Author Topic: His writing is not all that and a bag of chips...WHAT Have I Done????  (Read 4742 times)

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Yarnspinner

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So this could go in the work threads, but since this patron has become something of a friend, I put it here, as this problem cropped up once before with another friend.

We'll call him Jason because that's not his name.

Jason is well into his 70s and has found a great creative outlet in writing.  He writes nonfiction and nostalgia pieces for the local paper and in that he is really quite good...not Nobel prize winning, but there's a nice flow and they are fun to read.

Unfortunately, he has made a foray into fiction....and he's just not...very good at it.  I won't bore you with all that's wrong with his writing.  Most of his stories read like synopsis of (very bad sensationalist) novels.  (I just received a piece that was one page long and included enough plot for three novels.)  Also, he has got caught up in the vanity publishing business and is excited because they keep asking him to publish more books with them.  "I didn't think I was that good!"

So...I figure however he wants to spend his money is his business....but I no longer know what to say about the written pieces he brings by now and then for me to read and comment on.  It was EASY to praise the nonfiction essays because they were charming bits of history about the city in which we live.  But the fiction???  Yikes!

On the last piece he sent I did in fact say that the "short story" read like a synopsis for a novel that could be told from several points of view and he may want to consider researching several angles. He LOVES writing and (as an unpublished writer who can't even finish a short story myself) I don't want to discourage that.  But I am running out of noncommittal responses.  "You have a vivid imagination" only goes so far.  And "You write well" only applies to the nonfiction.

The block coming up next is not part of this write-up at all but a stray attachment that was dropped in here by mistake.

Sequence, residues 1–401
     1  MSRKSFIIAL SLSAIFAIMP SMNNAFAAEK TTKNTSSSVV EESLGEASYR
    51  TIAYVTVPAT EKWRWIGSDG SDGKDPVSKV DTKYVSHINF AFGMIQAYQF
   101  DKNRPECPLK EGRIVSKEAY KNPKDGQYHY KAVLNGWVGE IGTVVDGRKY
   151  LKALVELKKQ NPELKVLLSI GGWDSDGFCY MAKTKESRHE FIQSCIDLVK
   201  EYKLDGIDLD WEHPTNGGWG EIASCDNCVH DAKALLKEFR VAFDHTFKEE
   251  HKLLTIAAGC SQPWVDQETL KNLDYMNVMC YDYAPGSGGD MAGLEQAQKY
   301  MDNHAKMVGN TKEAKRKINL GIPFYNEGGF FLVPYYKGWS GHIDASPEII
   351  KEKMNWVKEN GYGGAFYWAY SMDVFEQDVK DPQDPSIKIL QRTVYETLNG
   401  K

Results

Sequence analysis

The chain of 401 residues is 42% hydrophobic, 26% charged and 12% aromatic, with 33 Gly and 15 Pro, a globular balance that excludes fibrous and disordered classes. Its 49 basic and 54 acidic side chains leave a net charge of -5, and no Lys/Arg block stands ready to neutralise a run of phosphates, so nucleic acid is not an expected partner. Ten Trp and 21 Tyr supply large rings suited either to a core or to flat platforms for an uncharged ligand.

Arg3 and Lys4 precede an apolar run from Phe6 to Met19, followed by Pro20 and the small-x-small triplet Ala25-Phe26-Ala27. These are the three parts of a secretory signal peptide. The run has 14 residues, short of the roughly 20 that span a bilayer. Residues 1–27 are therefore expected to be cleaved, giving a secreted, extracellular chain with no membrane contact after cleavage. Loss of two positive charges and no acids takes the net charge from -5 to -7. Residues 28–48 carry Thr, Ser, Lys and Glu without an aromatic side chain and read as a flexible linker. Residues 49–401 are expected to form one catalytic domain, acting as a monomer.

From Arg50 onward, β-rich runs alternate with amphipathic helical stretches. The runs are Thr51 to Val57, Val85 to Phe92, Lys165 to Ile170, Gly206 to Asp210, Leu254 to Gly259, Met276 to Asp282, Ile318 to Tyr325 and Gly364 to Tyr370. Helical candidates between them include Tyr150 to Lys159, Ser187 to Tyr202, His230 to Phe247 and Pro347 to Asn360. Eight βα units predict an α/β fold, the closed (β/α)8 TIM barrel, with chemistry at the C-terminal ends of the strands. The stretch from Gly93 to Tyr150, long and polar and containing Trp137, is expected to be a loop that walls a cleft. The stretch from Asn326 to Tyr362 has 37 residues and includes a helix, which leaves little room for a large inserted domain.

Anyone who has encountered this problem with other friends and have successfully dealt with it....I would love to hear your solutions or nice ways of being complimentary and noncommittal.

I promise never to force you all to read something I have written.  Honest.

ETA:  Changed the title because the word is "chips" not "chicks".



« Last Edit: June 14, 2014, 11:33:26 AM by Yarnspinner »

Sharnita

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Could you respond that you prefer his non-fiction because (insert specific compliment to his non-fiction here).

Promise

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You could say something like, "I know I work here at the library, but You are getting to a point with fiction writing that I just don't have expertise in with giving you an opinion. Here's a local writing class/group. Consider signing up. I bet they help each other evaluate their stories."

Bethalize

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Time to suggest he needs someone more qualified than you and point him in the direction of a tutor or writers group.

VorFemme

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Perhaps you could say that you find his non-fiction pieces about *your area* very interesting and ask him to concentrate on them a bit - there are any number of writers (and other artists) who have made an entire career about painting the area they grew up in, whether in words or actual paints...

Steer him toward what he does best instead of discourage him from what he isn't doing well enough to capture the attention of local readers?
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m2kbug

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How about some of what you just said. 
  • You have so much going on in this one story, you could actually break it up into several different stories.  You have enough material for three different plots, right here, and three separate publishings.  Try breaking it up and expand on one idea instead of working three at a time. 
  • Tell each part of the story separately, like for different character's points of view of do a series of stories, building one on top of the other.